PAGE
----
“Yeah,” John replied. “Funny, huh?”

  “I always wanted to know Dr. Claw’s first name,” she said.

  John laughed. “That’s what I said!” he exclaimed.

  Ronika spun her body so its front met John’s. She looked into his eyes, now open and separated from hers by just inches. She peered at him with a recognizable sadness that tore through John like an arrow.

  Though he’d hoped his departure simple and unburdened, he couldn’t begrudge Ronika what he knew she was feeling. No matter how much he tried to calmly accept the events that awaited him, he couldn’t deny experiencing that identical sadness within himself. He wondered if his eyes were reading the same as Ronika gazed back into them.

  “I want to come with you,” Ronika said quietly, breaking the silence.

  “Mouse is broken,” John answered.

  “I don’t mean Mouse,” she replied. “You can hold onto a bag and bring it with you, so what’s the difference in holding me?”

  “I think if that was possible, then Kala would simply hold my hand and let both of us escape the lab when I go down there,” he said.

  “Unless he’s been lying,” Ronika pointed out, “and he doesn’t want you to escape. Maybe he wants you trapped down there where you can’t tell anyone about him or what you’ve learned.”

  “I don’t see why he--” John began.

  “John, we have to try!”

  “Even if that would work, I don’t like the idea of trapping anyone else down there with me,” John said.

  “Just ... damn it, John!” Ronika turned away from him and put her face down into the pooling blankets beneath her. “It’s all unfair,” she said, her voice muffled by the cotton. “We need to fight it, solve it.”

  John turned onto his back and stared up at the ceiling. “That’s what we have been doing,” he said. “You and me both; we’ve been fighting. And it may not look like a victory, but it is one. Things could have been worse in a hundred different ways. I’m just trying to be thankful that they didn’t.”

  Ronika opened her eyes and saw nothing but the darkness of the blanket’s folds around her. She realized then that, as hard as this was on her, it was infinitely harder for John.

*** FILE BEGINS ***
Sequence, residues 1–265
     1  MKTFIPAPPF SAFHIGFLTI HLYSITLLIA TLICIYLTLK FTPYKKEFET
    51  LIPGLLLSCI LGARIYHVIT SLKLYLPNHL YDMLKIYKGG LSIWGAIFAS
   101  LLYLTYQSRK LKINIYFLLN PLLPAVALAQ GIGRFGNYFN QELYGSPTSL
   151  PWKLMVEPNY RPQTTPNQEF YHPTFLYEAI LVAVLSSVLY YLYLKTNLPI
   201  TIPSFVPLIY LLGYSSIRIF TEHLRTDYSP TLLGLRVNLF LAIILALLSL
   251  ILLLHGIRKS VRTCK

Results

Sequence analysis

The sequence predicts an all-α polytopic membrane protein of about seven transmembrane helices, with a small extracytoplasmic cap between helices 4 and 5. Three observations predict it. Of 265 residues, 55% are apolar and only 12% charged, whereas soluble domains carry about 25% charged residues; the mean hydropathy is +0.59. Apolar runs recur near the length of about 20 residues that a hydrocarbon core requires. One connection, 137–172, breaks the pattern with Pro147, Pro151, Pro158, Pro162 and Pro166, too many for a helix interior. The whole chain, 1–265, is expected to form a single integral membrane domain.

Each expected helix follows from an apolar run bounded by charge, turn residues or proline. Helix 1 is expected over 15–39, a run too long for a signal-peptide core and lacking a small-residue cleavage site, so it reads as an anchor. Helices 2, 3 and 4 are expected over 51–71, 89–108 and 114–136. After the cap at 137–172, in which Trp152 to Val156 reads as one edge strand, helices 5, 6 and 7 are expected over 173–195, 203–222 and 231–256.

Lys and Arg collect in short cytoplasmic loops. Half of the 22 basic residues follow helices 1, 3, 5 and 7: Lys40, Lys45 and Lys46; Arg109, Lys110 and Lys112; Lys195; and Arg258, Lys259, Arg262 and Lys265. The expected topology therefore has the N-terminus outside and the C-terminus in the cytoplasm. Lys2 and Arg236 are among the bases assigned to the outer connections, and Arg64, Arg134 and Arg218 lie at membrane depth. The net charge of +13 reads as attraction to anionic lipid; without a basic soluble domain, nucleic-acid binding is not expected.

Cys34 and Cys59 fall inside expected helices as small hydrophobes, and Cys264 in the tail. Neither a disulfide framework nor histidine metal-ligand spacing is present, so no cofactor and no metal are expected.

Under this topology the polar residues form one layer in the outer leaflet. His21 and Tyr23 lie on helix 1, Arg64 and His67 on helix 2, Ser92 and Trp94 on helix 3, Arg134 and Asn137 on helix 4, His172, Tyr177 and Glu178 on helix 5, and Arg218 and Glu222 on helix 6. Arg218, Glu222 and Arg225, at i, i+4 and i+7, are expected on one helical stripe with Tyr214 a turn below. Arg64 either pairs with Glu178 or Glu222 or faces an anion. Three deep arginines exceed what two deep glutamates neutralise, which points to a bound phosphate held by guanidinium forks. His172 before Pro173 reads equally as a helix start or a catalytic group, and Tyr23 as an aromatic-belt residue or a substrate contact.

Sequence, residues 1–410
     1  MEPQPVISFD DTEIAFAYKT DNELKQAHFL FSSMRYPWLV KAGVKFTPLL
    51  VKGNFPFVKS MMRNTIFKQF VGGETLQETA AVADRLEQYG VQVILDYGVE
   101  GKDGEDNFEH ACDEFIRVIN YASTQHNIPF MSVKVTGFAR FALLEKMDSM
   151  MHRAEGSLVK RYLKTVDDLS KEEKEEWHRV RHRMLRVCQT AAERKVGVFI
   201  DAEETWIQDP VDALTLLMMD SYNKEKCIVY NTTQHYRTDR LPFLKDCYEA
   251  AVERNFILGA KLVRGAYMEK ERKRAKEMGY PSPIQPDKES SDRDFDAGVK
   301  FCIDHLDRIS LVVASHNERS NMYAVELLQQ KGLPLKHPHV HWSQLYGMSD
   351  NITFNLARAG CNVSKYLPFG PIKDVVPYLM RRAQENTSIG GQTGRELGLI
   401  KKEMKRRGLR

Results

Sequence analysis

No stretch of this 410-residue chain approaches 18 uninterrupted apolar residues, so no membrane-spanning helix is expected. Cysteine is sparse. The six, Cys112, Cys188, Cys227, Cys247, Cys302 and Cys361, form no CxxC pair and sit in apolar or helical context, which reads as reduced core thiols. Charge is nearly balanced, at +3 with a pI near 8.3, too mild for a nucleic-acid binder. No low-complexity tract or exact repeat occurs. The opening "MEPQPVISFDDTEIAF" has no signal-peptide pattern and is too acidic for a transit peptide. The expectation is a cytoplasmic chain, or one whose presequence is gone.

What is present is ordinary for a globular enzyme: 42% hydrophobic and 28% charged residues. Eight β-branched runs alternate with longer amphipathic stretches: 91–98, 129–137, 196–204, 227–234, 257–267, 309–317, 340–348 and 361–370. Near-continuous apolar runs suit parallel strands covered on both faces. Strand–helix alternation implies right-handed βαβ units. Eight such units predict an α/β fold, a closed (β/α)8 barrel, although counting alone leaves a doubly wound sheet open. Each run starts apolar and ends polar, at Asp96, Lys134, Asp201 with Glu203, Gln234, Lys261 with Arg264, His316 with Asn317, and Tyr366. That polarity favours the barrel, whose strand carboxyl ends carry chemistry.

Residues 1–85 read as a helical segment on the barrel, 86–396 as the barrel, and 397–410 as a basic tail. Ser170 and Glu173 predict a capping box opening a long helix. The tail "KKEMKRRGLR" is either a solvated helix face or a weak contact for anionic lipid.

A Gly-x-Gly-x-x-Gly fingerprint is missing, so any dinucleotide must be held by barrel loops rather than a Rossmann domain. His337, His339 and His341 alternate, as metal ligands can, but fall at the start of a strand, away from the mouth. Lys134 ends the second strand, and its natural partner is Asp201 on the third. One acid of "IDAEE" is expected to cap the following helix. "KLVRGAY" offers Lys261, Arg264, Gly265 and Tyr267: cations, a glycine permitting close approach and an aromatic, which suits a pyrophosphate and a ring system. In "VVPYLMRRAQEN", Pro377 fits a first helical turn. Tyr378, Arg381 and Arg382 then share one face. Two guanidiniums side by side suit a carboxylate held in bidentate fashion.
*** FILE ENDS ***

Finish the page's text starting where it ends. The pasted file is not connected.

Like usual, she thought, John’s the one actually going through it. All I can do is sit to the side and be sad. He’s lying there trying not to feel bad about it, and all I can do is make it worse.

  Ronika felt the urge to cry again, but held her breath and fought it. She lifted her head from the blanket.

  “When my father died, there wasn’t anything I could do. I sat in a chair by a blinded window and waited for someone to tell me that I’d never see him again,” she said. “I don’t want you to leave, John, but at least we’re here together now, talking with each other, and at least there’s a good chance you’ll be back some day. And you’re right. That’s much better than the alternative.”

  John turned his neck and looked at Ronika.

  “Do you really think that’s true? That I have a good chance at getting back?” he asked.

  Ronika smiled and nodded enthusiastically. John rested his head back down on the bed.

  “How much longer before you go?” she asked.

  “I don’t know. I’ve been scared to look,” he answered.

  “Me, too,” she said.

  “But I think it’s getting close. I feel a buzzing in my arm.”

  “It’s not shaking or anything,” Ronika replied, looking at it.

  “Kala said that, since we actually programmed in its next destination, it won’t have to overcompensate by pulling in as much energy as possible, which, I guess, causes the spasms and such,” John explained.

  “That makes sense.”

  “So, I don’t know what to expect this time, other than it’ll be a bit smoother. That’s what he said, anyway.”

  Ronika rolled back toward John. “I’m going to really miss you,” she said.

  “I’ll miss you, too.”

  “And there’s something I want to do before you go,” she said shyly.

  “Yeah?” John asked.

  “It’s something I’ve never done with anyone, actually.”

  “What is it?”

  Ronika closed her eyes and leaned forward toward John’s face. She pursed her lips slightly outward, as she’d seen girls do in so many movies. As she drew her lips closer to his, she felt an energy surround her. Fireworks, she thought. These are the fireworks I’ve heard about. Her lips began to tingle, and her mind became slow with a tired, contented haze. Her eyes were closed, but she could almost see an electric blue light beyond their veil. Chemistry, she heard herself think.

  As she continued to lean down toward his lips, Ronika never noticed missing them completely, as she passed straight through where his body had been, and onto the soft bed below, fast asleep.